Treatment of Covid is getting better. Doctors are learning what treatments work and what doesn’t and patients are benefiting from this learning curve. The graphic below reflects these improvements that result in declining lengths of hospital stays.
Nevertheless, there are those who believe we could be doing even better. One of those is Dr. Joseph Ladapo, associate professor at UCLA’s David Geffen School of Medicine. He believes that pre-occupation with “evidence-based medicine” is keeping doctors from initiating life-saving treatment early enough to make a difference.
As an “old school” physician, I understand Dr. Ladapo’s concerns. We were taught to treat people on the basis of our best judgment. Sometimes that meant initiating treatment before our diagnosis, or our treatment methods, could be completely verified. Years of training and experience usually produced sound judgments that were rewarded with patient improvement.
Today’s younger doctors are lectured on treatment protocols backed by “evidence-based medicine,” a term coined by those academics who insist there is only one way to treat people – their way – based on proven randomized clinical trials. Unfortunately, this kind of “cook-book” medicine is often unrealistic. Many patients didn’t read the book!
Ladapo says a hearing took place on November 19 before the Senate Homeland Security and Governmental Affairs Committee. The testimony given underscored an important issue which Ladapo explains: “Too many doctors have interpreted the term “evidence-based medicine” to mean that the evidence for a treatment must be certain and definitive before it can be given to patients. Because accusing a physician of not being “evidence-based” can be a career-damaging allegation, fear of straying from the pack has prevailed, favoring inertia and inaction amid uncertainty about Covid-19 treatments. For diseases with established treatment options, holding out for certainty may be prudent. But when options are limited and there are safe treatments with evidence for effectiveness, holding out for certainty can be catastrophic. Requiring a high degree of certainty during a crisis may elevate the augustness of medical organizations and appease the sensibilities of medical professionals, but it does nothing for patients who need help.”
This is especially a problem in academic medical institutions where every treatment is scrutinized by well-meaning, but hypercritical, colleagues. It is there that medical elites want to control what their colleagues are doing, lest breakthroughs in treatment occur without their approval.
The penchant for certainty, says Ladapo, is visible in the frequently updated treatment guidelines for Covid-19 from the National Institutes of Health. These guidelines were developed by scientists around the country, but because of a mentality that is biased toward virtually irrefutable evidence, no distinction is made for treatments with evidence for effectiveness that falls below the mark of certainty. He believes this framework has almost certainly contributed to many avoidable deaths during this pandemic.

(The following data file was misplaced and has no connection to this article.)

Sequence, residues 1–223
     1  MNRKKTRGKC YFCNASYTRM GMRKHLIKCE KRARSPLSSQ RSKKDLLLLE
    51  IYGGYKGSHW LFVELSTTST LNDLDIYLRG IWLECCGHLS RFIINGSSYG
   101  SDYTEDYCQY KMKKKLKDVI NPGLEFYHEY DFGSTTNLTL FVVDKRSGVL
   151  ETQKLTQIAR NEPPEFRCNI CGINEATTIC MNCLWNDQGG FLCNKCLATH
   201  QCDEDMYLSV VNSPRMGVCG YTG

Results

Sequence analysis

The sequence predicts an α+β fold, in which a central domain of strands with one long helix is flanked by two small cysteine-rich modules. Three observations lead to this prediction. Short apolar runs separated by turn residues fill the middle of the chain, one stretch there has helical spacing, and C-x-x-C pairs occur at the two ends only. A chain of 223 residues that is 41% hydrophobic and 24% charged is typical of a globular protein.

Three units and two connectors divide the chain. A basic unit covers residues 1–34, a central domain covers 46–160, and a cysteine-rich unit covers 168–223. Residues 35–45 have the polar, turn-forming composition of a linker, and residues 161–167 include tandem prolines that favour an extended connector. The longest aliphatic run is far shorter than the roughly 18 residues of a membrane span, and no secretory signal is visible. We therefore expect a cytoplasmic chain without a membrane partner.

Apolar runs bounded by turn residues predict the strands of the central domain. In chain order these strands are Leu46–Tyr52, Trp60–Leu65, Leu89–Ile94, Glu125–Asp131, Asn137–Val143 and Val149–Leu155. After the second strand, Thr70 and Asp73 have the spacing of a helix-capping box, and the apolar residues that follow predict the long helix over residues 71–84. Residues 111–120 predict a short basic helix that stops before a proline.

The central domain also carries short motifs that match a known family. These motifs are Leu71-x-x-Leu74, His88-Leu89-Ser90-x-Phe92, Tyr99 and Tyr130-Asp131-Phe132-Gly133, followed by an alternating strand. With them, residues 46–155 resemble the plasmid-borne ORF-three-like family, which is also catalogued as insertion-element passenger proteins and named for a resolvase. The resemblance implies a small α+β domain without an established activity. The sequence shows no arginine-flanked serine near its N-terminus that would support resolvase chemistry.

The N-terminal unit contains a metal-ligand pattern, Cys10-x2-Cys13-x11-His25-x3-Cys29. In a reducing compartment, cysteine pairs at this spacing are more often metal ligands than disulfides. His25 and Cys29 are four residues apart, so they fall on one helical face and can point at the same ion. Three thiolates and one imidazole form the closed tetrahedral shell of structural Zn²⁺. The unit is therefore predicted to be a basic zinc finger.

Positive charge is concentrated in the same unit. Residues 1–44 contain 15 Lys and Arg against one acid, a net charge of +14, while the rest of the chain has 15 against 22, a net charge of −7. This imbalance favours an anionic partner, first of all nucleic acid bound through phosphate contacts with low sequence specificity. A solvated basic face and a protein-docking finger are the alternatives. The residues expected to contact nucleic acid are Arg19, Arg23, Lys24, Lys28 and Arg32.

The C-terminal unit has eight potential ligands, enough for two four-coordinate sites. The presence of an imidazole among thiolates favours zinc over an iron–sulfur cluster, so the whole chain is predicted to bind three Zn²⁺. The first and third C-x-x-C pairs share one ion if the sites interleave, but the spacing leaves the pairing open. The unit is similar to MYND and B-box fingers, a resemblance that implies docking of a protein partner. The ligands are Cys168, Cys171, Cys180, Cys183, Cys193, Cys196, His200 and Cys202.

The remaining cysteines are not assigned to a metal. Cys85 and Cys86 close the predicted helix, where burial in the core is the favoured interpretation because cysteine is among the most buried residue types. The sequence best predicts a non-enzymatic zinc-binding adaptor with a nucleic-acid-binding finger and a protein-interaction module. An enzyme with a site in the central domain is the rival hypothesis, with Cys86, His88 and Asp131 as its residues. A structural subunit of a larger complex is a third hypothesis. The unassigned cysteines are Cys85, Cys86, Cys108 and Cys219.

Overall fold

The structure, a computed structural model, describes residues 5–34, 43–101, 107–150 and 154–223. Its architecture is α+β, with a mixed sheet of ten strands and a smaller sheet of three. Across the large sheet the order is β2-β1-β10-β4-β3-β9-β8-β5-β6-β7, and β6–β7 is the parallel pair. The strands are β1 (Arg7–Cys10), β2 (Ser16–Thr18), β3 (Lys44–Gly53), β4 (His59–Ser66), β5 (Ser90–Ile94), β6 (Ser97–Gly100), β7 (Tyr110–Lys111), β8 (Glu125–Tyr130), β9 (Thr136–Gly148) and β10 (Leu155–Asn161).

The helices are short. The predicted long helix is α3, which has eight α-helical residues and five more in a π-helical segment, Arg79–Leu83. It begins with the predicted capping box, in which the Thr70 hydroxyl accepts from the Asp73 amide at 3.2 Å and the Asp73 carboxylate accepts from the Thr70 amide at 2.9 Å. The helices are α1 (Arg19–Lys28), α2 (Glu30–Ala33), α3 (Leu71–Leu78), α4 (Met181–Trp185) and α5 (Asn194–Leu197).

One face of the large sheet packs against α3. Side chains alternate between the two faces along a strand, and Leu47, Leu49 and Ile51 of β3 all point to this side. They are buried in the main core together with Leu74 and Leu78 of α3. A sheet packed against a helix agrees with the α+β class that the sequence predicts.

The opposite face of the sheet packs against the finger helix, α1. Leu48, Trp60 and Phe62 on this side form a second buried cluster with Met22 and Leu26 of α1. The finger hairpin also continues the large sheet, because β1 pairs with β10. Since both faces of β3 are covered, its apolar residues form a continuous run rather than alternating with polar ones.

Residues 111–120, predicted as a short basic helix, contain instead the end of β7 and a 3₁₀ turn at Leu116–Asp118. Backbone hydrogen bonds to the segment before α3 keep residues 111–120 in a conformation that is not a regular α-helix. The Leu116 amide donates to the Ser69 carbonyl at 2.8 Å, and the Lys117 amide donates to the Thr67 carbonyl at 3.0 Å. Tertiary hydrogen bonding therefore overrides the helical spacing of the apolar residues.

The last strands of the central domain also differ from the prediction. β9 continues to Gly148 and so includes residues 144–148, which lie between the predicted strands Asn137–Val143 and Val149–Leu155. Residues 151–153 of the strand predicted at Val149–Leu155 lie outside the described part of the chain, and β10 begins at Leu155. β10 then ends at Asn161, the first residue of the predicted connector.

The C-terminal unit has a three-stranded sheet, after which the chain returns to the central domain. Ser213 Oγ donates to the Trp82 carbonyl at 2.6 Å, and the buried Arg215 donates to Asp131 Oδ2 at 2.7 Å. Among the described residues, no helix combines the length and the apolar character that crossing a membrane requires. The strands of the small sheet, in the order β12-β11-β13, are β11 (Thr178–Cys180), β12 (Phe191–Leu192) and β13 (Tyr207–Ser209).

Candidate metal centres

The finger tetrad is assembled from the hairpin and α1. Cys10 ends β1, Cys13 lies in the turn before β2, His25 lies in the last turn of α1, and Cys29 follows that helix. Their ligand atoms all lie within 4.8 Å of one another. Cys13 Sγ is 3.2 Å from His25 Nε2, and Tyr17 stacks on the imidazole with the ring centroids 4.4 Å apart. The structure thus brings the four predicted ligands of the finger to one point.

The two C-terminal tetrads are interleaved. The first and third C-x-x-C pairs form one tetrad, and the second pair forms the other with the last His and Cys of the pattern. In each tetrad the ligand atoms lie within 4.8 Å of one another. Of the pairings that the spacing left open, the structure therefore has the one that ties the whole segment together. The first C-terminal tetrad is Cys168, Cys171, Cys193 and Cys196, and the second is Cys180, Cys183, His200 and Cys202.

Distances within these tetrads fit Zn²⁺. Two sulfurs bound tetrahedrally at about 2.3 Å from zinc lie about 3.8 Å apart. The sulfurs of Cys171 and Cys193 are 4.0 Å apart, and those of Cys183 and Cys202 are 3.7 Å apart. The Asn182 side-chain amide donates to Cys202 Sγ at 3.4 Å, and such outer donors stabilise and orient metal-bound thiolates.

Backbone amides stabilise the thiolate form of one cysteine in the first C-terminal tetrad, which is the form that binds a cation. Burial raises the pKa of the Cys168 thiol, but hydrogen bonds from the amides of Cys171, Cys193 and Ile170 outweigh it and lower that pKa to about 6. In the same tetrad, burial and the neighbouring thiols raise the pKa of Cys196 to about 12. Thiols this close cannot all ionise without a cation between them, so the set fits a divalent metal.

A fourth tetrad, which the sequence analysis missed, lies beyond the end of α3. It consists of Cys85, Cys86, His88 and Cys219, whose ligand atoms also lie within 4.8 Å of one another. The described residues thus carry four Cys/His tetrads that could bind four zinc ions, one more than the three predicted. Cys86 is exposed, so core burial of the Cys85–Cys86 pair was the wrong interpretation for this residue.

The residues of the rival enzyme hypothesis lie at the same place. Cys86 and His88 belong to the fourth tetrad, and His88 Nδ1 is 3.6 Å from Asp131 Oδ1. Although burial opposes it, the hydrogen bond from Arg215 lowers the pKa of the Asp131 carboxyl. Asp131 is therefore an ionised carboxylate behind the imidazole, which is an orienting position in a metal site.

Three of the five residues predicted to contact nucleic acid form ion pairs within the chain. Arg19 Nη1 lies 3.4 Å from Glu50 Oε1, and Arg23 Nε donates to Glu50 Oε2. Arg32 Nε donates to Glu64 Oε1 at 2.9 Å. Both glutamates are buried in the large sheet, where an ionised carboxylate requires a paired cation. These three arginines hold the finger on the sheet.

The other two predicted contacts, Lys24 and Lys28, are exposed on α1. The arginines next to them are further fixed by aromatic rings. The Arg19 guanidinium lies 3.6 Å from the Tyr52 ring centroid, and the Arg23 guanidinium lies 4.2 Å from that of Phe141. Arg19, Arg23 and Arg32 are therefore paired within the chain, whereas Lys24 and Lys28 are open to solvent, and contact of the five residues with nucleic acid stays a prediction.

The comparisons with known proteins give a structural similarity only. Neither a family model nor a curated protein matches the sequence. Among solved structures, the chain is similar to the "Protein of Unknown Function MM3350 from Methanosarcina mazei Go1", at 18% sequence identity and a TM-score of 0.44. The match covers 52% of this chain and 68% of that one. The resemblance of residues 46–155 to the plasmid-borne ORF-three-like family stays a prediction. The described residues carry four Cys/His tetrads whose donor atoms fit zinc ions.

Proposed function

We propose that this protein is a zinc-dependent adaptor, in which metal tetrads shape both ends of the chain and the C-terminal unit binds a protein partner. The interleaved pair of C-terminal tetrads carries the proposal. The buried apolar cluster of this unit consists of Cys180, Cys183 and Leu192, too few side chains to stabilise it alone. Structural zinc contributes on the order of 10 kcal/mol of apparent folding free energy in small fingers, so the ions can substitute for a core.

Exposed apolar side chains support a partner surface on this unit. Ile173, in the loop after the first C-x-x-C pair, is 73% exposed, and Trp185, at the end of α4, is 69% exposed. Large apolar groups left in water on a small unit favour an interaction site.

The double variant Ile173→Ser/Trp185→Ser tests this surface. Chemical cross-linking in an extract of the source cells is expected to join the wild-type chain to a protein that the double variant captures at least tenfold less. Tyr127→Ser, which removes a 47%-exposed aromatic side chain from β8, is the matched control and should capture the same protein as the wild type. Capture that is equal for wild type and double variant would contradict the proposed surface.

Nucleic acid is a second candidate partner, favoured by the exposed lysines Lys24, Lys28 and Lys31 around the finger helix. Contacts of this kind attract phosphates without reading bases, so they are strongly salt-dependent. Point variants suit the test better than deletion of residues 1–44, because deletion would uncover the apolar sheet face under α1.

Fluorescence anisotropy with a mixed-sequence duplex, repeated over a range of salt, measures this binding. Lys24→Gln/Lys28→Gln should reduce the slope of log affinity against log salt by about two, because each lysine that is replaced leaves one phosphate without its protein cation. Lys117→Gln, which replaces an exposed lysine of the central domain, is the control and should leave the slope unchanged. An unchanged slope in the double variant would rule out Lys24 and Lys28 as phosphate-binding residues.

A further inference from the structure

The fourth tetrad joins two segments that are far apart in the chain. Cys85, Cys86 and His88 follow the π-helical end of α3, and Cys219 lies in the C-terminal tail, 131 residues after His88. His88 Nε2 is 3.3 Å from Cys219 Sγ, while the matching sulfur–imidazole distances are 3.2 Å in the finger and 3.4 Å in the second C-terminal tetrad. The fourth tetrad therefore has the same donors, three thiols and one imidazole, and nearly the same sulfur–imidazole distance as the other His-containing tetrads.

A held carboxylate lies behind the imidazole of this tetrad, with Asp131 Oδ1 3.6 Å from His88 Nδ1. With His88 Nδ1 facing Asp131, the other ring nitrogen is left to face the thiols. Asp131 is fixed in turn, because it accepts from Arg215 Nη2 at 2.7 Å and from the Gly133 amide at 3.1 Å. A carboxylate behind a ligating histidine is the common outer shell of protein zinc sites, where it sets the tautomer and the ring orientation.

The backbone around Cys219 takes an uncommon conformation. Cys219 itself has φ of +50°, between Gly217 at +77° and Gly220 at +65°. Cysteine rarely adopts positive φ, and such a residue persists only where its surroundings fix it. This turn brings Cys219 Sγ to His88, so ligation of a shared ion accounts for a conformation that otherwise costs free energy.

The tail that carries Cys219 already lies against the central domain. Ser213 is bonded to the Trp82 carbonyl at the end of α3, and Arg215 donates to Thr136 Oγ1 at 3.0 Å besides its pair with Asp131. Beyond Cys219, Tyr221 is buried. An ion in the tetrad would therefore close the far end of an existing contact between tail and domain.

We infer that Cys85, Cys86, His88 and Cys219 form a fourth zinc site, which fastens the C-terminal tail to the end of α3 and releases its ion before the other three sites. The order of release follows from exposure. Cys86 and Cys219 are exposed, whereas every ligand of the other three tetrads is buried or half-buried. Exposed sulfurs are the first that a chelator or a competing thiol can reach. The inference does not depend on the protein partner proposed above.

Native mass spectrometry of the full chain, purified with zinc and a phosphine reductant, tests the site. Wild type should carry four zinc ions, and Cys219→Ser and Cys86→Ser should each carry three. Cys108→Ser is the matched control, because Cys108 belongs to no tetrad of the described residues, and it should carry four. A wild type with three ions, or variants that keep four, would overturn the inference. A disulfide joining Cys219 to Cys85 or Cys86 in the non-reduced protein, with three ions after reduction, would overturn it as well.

He gives the following examples:
- Hydroxychloroquine – A meta-analysis of five randomized clinical trials showed that early use of this drug reduced infection, hospitalization and death by 24%. As a medication used for decades, including for pregnant women and breast-feeding mothers, it had a well-established safety record. Yet many criticized the use of it because double-blind trials had not established its efficacy. When President Trump promoted the drug, and used it personally, many criticized its use even more.
- Fluvoxamine – This anti-depressant showed great promise in a high-quality randomized clinical trial of 152 patients published in JAMA which found zero patients treated within seven days of onset of symptoms experienced deterioration compared with 8% of those receiving placebo.
- Ivermectin – This anti-parasitic showed promising results in a randomized trial of 200 healthcare workers at high-risk of exposure to Covid. Only 2% developed Covid infections compared to 10% of the placebo group.
- Quercetin – This drug is being studied in a clinical trial and was used by Senator Ron Johnson, chairman of the Homeland Security Committee, after his Covid diagnosis in October.
- Bromhexine – This congestion medication reduced death rates among hospitalized patients in a randomized study published by BioImpacts.
Ladapo urges local and state governments, research institutions, community clinics, and Covid-19 testing sites to provide patients with access to promising outpatient treatments while collecting data about health outcomes. With almost 200,000 new Covid-19 cases daily in the U.S., uncertainly about effectiveness could be resolved within a few weeks. Until then, it is up to patients to demand outpatient treatment. Unfortunately, most physicians have simply advised patients to quarantine and hope for the best rather than prescribing early treatment.
With hospital facilities once again under the strain of rising case numbers, it seems prudent to do all we can to treat people early and before hospitalization is necessary. That’s the kind of sound judgment I was trained to apply before anyone ever heard of “evidence-based medicine.”